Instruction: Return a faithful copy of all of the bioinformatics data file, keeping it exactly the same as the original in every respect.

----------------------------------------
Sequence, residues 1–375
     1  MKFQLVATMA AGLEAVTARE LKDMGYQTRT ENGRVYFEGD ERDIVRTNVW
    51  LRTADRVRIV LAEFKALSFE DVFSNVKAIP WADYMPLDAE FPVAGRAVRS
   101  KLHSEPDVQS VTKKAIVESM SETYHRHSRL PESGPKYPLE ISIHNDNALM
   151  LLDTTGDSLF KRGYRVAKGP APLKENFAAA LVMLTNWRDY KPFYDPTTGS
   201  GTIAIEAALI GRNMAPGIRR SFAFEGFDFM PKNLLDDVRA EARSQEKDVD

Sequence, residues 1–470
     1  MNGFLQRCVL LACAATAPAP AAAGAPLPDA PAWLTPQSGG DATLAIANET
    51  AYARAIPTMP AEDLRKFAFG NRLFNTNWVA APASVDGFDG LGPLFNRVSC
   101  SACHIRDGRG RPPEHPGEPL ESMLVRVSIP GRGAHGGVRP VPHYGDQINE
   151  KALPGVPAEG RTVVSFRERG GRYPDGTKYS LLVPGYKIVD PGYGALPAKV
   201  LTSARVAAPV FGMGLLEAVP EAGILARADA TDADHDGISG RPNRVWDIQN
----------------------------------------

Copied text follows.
Sequence, residues 1–375
     1  MKFQLVATMA AGLEAVTARE LKDMGYQTRT ENGRVYFEGD ERDIVRTNVW
    51  LRTADRVRIV LAEFKALSFE DVFSNVKAIP WADYMPLDAE FPVAGRAVRS
   101  KLHSEPDVQS VTKKAIVESM SETYHRHSRL PESGPKYPLE ISIHNDNALM
   151  LLDTTGDSLF KRGYRVAKGP APLKENFAAA LVMLTNWRDY KPFYDPTTGS
   201  GTIAIEAALI GRNMAPGIRR SFAFEGFDFM PKNLLDDVRA EARSQEKDVD

Sequence, residues 1–470
     1  MNGFLQRCVL LACAATAPAP AAAGAPLPDA PAWLTPQSGG DATLAIANET
    51  AYARAIPTMP AEDLRKFAFG NRLFNTNWVA APASVDGFDG LGPLFNRVSC
   101  SACHIRDGRG RPPEHPGEPL ESMLVRVSIP GRGAHGGVRP VPHYGDQINE
   151  KALPGVPAEG RTVVSFRERG GRYPDGTKYS LLVPGYKIVD PGYGALPAKV
   201  LTSARVAAPV FGMGLLEAVP EAGILARADA TDADHDGISG RPNRVWDIQN